We Are All Treaty People

OTC on report Sacred Responsibility: Searching for the Missing Children and Unmarked Burials

  • Published - 26/06/2023
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  • Posted By - OTC
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The Office of the Treaty Commissioner welcomes the release of Sacred Responsibility: Searching for the Missing Children and Unmarked Burials, the interim report of the Office of the Independent Special Interlocutor on Missing Children and Unmarked Graves.

Every parent has a right to know what happened to children that were taken to residential school. Every family has a right to be united with remains of the children who were buried. This should not be taking decades. It has taken decades for survivors’ stories to be believed, despite Canada, the church, and other organizations responsible for these schools knowing the truth.

It is already long past time to truly honour the Treaty right to education. The right to have a school house on every reserve and a teacher for that school was twisted into residential schools that tried to see Indigenous culture, language, traditional knowledge, and history destroyed.

This interim report calls for the work that started with the Truth and Reconciliation Commission to be continued. To see all the missing children in unmarked burials returned home. The interim report also calls for Indian Residential School denialism to be considered a hate crime. It is atrocious to see articles written and posts made denying the existence of missing children, unmarked graves, and deaths of children.

The OTC stands in solidary with Special Interlocutor Kimberly Murray, who bears an immense responsibility on this journey. As she said, “upholding human rights principles does not require me to be morally indifferent to the fate of children who are victims of genocide, mass human rights violations, and injustice. Rather, I have an ethical duty to insist that there be accountability and justice for the missing children, Survivors, Indigenous families, and communities.”

“[It is] my responsibility is to speak up on behalf of those missing children in unmarked burials. I want to emphasize this point: my role is to give voice to the children. It is not to be neutral or objective – it is to be a fierce and fearless advocate to ensure that the bodies and Spirits of the missing children are treated with the care, respect, and dignity that they deserve,” Murray says in the report.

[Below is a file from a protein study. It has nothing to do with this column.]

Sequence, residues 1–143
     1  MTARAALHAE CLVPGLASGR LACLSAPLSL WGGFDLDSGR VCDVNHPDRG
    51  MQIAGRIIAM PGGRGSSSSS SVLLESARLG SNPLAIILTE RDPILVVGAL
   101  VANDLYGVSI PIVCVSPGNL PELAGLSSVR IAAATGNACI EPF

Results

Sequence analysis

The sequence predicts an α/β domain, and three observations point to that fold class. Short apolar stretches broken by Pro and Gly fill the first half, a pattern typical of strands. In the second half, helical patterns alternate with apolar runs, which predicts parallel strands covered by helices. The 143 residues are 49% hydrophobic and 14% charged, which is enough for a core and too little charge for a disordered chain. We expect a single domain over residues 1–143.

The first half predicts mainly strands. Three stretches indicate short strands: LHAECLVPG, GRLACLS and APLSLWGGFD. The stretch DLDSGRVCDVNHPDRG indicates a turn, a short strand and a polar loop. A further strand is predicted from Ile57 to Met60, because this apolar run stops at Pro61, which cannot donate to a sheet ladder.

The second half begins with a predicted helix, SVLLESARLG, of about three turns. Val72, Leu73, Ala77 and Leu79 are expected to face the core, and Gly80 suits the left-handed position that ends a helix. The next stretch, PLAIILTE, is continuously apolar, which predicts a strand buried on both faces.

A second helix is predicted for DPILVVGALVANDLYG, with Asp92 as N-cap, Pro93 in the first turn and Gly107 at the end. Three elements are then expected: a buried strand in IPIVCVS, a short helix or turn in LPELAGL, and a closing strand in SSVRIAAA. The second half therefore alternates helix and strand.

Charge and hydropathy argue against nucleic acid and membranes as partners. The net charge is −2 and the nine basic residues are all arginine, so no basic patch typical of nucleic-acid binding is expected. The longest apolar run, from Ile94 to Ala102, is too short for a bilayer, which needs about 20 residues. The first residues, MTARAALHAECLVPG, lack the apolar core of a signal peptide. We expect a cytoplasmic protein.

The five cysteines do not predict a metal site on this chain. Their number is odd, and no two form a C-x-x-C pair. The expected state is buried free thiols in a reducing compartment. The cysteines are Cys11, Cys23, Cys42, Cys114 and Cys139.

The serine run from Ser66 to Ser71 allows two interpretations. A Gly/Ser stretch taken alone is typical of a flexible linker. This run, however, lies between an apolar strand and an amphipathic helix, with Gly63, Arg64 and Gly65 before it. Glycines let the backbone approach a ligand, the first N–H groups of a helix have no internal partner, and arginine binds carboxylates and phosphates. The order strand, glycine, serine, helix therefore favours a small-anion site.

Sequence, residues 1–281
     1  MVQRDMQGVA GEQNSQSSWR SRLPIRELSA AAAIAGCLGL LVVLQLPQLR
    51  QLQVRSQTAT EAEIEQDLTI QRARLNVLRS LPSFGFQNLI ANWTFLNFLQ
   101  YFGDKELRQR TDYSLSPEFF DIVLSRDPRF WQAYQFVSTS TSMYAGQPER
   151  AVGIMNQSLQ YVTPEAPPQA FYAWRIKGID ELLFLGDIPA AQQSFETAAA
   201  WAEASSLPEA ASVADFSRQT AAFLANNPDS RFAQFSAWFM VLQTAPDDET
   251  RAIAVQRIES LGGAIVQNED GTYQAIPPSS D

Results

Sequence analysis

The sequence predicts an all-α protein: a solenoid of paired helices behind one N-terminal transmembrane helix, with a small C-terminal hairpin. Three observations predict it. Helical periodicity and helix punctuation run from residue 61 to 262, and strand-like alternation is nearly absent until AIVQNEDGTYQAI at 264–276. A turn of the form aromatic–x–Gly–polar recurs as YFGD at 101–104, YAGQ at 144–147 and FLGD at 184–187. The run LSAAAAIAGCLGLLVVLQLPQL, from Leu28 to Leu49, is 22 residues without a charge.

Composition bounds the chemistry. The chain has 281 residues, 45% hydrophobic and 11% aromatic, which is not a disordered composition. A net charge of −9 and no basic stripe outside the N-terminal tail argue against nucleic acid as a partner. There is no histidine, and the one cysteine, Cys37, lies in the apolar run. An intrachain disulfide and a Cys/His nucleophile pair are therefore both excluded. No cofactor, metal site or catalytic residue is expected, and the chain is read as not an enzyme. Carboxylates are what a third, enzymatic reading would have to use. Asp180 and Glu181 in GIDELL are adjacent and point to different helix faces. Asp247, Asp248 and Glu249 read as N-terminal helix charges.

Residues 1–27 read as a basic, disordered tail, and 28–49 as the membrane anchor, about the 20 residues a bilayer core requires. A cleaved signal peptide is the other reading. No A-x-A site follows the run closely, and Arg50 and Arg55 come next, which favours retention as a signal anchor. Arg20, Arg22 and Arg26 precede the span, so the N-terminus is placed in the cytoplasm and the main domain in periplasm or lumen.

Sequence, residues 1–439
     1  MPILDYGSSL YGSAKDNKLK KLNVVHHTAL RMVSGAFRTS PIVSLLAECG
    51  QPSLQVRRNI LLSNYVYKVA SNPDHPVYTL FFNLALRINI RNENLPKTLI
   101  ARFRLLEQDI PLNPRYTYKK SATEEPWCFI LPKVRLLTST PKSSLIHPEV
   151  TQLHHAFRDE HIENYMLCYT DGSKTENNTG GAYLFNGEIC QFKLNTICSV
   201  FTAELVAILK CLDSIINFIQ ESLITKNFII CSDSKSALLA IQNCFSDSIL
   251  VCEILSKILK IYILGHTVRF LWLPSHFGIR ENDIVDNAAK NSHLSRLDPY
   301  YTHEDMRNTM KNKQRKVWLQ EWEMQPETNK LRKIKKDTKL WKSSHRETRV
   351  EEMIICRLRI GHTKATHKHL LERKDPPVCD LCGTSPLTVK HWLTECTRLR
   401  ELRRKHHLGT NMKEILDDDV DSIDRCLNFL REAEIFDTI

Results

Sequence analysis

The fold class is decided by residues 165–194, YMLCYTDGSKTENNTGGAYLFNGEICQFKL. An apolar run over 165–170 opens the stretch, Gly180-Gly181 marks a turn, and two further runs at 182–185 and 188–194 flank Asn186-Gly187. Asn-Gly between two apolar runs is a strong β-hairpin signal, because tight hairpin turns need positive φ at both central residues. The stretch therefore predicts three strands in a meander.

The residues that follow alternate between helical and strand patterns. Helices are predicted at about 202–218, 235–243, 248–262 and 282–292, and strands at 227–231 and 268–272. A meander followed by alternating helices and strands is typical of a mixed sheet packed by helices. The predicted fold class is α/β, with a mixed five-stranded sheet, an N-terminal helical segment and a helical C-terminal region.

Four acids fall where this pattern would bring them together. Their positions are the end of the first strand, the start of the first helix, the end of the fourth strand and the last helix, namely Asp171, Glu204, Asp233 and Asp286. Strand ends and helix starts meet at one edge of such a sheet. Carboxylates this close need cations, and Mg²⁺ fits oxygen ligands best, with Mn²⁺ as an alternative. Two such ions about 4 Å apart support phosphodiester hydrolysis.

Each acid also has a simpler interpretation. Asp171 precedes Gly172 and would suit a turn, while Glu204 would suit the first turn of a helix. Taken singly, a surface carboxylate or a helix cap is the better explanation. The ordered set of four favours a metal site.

We are long past the time that all Canadians should understand the gravity and impact that willful ignorance, racism, and the colonization goals of Canada and the Crowns has on Indigenous People -- of the genocide that was being committed. But, we must get there because without this knowledge and understanding, without empathy, there can be no healing and there can be no reconciliation.

The OTC continues to offer our resources and support to the nations, communities, and survivors in their search projects to find unmarked burials and try to bring their family member home. The research by OTC cited in the interim report, a year of working to get access to documents, shows our ongoing commitment to have government, churches, and other institutions, release their records.

We echo the Special Interlocutor’s call to not be a bystander. “Each of us must stand up and speak out. We must insist that these missing children, who were abused and neglected during their lives, now be treated with the respect and human dignity they deserve.”

Read the report. Meet the real people behind this work, like the parents of Marieyvonne Alaka Ukaliannuk, who said goodbye to their four-year-old daughter expecting to see her the next summer, and only learning where her remains were 50 year later. Or the family of Charlie Hunter, who struggled for 37 years to have the remains of their 13-year-old son returned to their community of Weenusk First Nation. It took until 2011 and the support of readers of the Toronto Star to make this a reality.

We can only complete this work together. By challenging those in power to do better. By having open access to residential school records for families and communities. By asking the difficult questions like: what if this were my child? Or why would “schools” have cemeteries. By stopping violent denialism.

We need to hear these hard truths and help families and communities heal and find justice.